Earlier this week, I told you all about the 12 Conference Call Attendees That Cause Annoyance. Now that you’ve considered the list and mentally pointed the finger of blame at some of your co-workers, let’s go over what you can do to fix those annoyances on the conference.
The truth is that conference calls are supposed to be a productive and concise way to conduct business without having to shuffle everyone into the conference room, which, let’s be honest, is sometimes like herding cats. When one, any, or all of these things happen on conferences it can change the entire tone of the meeting and take a productive group of people down a desperate spiral of frustration. So what can you do?
- Offer a recording to the conference participants who are traveling or who have their children home with them that day. This way people won’t feel pressured to join the conference if they are getting on a plane or home with a sick baby – who may decide at any time to burst into tears. These participants can listen in to the conference at a more convenient time and ask questions or give feedback later.
- Lock your conference call (Press *7 on the telephone keypad as the moderator) and prevent late participants from joining the conference. This will lessen the likelihood that someone will join the conference ten minutes late and then require that they immediately get caught back up.
- Use the power to mute the lines to control what is heard in the background and to filter out who is speaking. (We recommend using lecture mode for any conferences that are going to be five participants or more.) Use the live call screen to identify which lines are making noise so that you can mute them without disrupting the rest of the conference call. This works for background noise, hold music, pretty much any disruption that can be caused by unauthorized sounds.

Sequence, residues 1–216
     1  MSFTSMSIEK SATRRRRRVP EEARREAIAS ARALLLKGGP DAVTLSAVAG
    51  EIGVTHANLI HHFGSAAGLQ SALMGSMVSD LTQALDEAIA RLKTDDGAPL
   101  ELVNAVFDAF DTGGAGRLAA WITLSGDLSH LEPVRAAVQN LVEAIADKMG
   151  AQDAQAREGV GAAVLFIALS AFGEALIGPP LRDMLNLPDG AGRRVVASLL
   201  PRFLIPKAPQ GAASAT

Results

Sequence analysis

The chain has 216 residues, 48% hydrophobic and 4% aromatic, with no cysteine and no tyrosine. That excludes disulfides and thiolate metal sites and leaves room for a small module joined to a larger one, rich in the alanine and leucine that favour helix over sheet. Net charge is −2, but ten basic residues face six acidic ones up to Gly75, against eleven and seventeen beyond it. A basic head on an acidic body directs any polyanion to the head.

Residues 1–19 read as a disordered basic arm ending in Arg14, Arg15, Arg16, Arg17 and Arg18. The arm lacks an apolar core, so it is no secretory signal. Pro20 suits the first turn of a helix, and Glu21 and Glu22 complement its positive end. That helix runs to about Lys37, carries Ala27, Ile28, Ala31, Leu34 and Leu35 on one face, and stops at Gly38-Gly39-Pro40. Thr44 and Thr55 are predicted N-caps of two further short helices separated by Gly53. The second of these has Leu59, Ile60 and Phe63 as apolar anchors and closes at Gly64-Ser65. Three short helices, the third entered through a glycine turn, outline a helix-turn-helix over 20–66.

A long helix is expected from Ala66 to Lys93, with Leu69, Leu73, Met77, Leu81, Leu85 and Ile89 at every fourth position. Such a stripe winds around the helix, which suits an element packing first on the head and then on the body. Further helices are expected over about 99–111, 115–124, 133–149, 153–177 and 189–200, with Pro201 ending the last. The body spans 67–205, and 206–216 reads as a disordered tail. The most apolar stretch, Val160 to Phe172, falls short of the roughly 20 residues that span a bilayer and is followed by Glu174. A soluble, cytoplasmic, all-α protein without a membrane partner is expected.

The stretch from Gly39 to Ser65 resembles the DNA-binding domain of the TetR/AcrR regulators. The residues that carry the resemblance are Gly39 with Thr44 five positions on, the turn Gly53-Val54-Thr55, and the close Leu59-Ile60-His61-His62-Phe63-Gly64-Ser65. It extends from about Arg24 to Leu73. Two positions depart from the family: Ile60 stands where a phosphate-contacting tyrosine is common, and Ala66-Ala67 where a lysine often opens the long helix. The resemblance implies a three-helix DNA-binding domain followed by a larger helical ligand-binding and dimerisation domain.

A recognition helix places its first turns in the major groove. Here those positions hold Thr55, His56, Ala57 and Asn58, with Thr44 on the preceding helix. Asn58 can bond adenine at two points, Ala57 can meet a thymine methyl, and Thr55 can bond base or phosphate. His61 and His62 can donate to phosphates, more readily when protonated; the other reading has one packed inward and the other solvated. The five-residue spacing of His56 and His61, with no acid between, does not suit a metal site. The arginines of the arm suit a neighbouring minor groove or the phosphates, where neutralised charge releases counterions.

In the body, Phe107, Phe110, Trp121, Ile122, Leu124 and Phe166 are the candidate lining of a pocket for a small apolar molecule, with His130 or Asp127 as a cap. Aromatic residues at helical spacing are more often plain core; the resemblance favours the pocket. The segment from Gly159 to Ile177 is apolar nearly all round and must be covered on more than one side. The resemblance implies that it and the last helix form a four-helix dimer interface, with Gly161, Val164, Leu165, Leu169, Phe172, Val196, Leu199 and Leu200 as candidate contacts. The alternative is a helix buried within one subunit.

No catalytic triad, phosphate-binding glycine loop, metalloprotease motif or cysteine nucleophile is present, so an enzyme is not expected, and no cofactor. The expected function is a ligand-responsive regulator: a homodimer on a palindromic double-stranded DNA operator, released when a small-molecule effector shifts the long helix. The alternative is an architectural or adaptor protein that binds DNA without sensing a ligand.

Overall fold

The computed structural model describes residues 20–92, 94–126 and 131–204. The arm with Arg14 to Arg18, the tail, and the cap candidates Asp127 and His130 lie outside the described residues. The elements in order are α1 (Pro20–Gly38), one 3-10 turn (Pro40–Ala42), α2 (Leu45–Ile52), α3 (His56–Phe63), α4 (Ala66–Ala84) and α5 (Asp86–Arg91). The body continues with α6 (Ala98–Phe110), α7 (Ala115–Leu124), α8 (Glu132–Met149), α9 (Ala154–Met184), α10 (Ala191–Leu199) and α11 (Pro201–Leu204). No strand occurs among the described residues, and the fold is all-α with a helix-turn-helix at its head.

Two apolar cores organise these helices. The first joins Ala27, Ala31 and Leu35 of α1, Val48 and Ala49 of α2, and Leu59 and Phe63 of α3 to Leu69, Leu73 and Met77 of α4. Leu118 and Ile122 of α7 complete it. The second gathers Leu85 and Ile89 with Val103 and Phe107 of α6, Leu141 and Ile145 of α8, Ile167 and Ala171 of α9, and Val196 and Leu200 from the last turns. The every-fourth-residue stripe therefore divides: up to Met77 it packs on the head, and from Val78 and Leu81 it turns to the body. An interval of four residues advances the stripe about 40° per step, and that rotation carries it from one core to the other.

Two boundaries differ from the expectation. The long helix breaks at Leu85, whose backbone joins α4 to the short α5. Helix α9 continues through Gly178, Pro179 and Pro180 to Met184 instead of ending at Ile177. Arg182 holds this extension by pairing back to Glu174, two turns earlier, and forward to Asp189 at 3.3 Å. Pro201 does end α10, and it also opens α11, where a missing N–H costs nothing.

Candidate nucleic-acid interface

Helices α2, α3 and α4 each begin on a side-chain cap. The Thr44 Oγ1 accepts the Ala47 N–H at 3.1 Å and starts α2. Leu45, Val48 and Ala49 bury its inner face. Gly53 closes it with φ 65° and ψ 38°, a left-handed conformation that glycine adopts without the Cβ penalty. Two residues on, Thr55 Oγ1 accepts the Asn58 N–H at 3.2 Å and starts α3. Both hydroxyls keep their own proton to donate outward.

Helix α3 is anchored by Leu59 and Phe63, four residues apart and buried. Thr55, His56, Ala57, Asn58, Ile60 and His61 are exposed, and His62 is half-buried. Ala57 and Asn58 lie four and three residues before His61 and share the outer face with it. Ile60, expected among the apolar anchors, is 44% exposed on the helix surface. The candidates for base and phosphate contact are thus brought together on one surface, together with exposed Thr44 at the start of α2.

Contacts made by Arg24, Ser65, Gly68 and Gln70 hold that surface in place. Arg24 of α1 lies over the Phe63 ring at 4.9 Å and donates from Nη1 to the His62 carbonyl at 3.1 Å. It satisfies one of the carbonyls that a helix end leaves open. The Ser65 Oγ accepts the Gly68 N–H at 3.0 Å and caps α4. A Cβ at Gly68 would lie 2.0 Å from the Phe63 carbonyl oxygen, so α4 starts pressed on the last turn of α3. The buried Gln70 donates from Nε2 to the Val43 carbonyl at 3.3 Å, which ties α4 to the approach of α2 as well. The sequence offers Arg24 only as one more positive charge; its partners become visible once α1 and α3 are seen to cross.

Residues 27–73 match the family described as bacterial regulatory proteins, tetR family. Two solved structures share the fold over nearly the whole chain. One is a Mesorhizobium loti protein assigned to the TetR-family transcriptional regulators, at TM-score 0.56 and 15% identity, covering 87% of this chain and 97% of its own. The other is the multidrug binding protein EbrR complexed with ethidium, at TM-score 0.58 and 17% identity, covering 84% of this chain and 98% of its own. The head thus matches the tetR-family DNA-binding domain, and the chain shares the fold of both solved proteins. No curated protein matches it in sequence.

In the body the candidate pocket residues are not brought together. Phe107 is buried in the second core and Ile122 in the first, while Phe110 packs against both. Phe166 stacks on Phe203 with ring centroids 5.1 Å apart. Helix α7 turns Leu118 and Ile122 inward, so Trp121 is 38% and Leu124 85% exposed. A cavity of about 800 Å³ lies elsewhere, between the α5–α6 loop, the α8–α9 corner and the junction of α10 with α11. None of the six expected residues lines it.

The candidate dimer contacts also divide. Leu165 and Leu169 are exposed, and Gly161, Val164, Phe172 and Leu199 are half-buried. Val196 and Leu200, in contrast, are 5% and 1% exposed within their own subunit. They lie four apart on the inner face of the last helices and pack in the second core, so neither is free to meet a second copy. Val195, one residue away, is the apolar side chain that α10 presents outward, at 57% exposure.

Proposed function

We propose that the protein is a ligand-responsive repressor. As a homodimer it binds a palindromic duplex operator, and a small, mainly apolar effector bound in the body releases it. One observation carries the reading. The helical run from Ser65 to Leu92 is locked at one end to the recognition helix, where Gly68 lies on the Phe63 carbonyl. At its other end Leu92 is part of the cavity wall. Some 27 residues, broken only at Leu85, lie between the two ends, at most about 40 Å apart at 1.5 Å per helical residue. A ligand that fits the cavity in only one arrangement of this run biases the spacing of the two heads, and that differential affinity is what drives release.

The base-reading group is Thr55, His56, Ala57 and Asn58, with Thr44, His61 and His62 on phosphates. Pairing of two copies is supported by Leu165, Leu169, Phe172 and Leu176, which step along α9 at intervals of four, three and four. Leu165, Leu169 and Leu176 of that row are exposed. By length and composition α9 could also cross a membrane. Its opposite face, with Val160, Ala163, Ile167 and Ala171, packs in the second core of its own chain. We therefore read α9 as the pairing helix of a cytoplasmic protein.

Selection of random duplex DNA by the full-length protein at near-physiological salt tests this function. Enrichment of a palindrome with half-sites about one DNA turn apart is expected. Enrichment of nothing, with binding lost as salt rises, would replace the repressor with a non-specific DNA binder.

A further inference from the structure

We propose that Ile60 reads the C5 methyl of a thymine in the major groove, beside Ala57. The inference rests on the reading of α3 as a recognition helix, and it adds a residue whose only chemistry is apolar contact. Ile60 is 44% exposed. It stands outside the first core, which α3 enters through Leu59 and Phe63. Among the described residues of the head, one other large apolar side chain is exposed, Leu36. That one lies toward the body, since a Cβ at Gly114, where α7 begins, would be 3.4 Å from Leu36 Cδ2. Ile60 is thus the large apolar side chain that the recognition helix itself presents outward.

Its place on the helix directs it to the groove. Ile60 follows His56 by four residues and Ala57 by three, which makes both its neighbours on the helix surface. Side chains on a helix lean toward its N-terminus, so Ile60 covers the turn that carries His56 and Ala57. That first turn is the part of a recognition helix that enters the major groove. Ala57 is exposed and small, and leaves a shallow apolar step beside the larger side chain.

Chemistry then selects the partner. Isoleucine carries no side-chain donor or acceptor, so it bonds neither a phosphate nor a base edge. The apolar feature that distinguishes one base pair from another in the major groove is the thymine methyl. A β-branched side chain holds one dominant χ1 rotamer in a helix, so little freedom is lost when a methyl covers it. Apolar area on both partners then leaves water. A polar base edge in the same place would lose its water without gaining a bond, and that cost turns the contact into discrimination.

- Encourage your participants to use a land line phone and a headset instead of speaker phones. In our experience, land lines tend to be more reliable for the conference call and headsets are the best, least intrusive way to be hands free on a conference call.
- Do your best as the meeting organizer to schedule your conferences before or after lunch time. The best time to host a conference is before the lunch hours but it does get hard to do this when you’re dealing with people in multiple time zones. We wrote some great tips on the best time to have conference calls, so we encourage you to go over there and check them out.
Knowing what to expect on a conference call is part of the planning process. As the moderator you have to be prepared to step in a mute a line or suggest that someone call back in when they are in a less noisy environment. What do you do on conference calls and webinars that keep those distractions out and keep productivity moving forward?